And the kind of healing Jesus brought about was holistic; not only was the person’s body healed of disease, but the person’s spirit was heal-ed from sin and death. Jesus healed the entire person - body, mind, and soul - and the early Church continued to heal those who were sick as a sign of God’s desire for our complete well being. For example, St Paul lists healing as one of the spiritual gifts that has been given for the benefit of the community, and the apostle James makes it clear that the use of oil and prayer was something that was com-monplace in the community. (James 5:14-15). But, during the Middle Ages the Church’s teaching about the sacrament shifted from healing in one’s life to anointing as a preparation for one’s death. This interpretation gradually prevailed and over time the sacrament was no longer received at the beginning of a serious illness but instead administered only at the end of life. It wasn’t until the Second Vatican Council that the healing emphasis of the sacrament was restored, with the Council stating that this sacrament “is not only for those who are at the point of death…but for anyone of the faithful who is in danger of death from sickness or old age” (Constitution on the Sacred Liturgy, 73).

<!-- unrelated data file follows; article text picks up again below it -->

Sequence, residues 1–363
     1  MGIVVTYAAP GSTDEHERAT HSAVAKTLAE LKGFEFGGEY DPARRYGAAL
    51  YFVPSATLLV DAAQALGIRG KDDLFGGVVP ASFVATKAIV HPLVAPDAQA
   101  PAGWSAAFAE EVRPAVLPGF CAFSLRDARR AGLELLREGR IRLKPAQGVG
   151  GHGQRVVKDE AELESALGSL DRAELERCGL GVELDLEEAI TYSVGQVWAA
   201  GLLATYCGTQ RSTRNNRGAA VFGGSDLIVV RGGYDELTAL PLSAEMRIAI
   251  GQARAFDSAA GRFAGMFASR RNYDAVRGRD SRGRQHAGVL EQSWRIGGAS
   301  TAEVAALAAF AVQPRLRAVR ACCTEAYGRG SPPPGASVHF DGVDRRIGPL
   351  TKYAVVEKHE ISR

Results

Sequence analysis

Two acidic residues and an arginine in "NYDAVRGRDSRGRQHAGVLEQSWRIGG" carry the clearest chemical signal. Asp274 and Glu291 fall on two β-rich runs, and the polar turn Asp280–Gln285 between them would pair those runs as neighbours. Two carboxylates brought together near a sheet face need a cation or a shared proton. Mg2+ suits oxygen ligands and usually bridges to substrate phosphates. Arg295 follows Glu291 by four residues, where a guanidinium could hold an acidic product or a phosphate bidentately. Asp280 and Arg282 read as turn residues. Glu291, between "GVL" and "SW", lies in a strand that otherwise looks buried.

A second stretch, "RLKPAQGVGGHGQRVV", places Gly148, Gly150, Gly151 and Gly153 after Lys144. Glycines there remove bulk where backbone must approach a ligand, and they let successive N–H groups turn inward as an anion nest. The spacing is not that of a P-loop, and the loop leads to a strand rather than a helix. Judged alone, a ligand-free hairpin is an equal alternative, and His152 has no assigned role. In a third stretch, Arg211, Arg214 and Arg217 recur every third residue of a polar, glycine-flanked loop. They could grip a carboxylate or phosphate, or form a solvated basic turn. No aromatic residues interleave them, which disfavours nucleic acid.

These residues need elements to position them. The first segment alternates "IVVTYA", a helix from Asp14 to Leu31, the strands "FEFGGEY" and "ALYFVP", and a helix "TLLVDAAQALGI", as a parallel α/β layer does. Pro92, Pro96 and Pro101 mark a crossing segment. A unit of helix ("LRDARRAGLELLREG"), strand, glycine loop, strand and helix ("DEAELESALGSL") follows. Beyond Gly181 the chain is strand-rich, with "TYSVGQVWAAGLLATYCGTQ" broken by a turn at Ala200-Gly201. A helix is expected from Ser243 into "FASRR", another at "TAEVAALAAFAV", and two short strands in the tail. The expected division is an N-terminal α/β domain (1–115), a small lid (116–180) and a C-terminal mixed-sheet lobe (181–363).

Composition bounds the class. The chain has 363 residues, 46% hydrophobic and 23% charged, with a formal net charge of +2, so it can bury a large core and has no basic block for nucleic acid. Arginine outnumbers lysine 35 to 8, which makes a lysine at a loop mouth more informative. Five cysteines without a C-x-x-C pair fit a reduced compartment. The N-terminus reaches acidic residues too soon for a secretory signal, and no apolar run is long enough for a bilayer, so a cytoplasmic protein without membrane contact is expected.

If you or a loved one is living with a serious illness, the time to receive the Sacrament of the Sick is now. The sacrament is meant to bring comfort to someone who is living with a serious illness rather than a final act at the mo-ment of death. In the sacrament we pray that the sick be healed in body, in soul, and in spirit. God alone knows what kind of healing the sick need most; that a wound be healed; that a fear be changed to confidence; that confusion in the face of all the whys be turned to insight. The Sacrament of the Sick is a sign that we are not alone in our suffering; God is always present, giving us strength, peace, and courage to fully trust in God. And once you are anointed there is no need to repeat the anointing unless your illness worsens or you are diagnosed with a new serious illness. If you would like to be anointed, come to the chapel immediately following these Masses. If you are unable to attend either of these times next weekend but would like to schedule a time to be anointed, please contact either of us at 651-454-2079, Suzie Mrkvicka at x8590 or Anne Tiller at x8589.
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4030 Pilot Knob Rd, Eagan, MN 55122 | PH: (651) 454-2079